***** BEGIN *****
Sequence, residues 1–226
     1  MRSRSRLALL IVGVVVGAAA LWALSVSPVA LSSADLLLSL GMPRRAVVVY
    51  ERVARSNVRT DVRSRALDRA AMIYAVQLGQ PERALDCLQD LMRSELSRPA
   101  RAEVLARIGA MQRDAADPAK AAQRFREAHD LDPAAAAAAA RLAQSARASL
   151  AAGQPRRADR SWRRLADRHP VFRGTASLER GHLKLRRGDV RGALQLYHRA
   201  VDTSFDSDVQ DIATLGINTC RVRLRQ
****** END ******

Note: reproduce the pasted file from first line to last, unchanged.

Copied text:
Sequence, residues 1–226
     1  MRSRSRLALL IVGVVVGAAA LWALSVSPVA LSSADLLLSL GMPRRAVVVY
    51  ERVARSNVRT DVRSRALDRA AMIYAVQLGQ PERALDCLQD LMRSELSRPA
   101  RAEVLARIGA MQRDAADPAK AAQRFREAHD LDPAAAAAAA RLAQSARASL
   151  AAGQPRRADR SWRRLADRHP VFRGTASLER GHLKLRRGDV RGALQLYHRA
   201  VDTSFDSDVQ DIATLGINTC RVRLRQ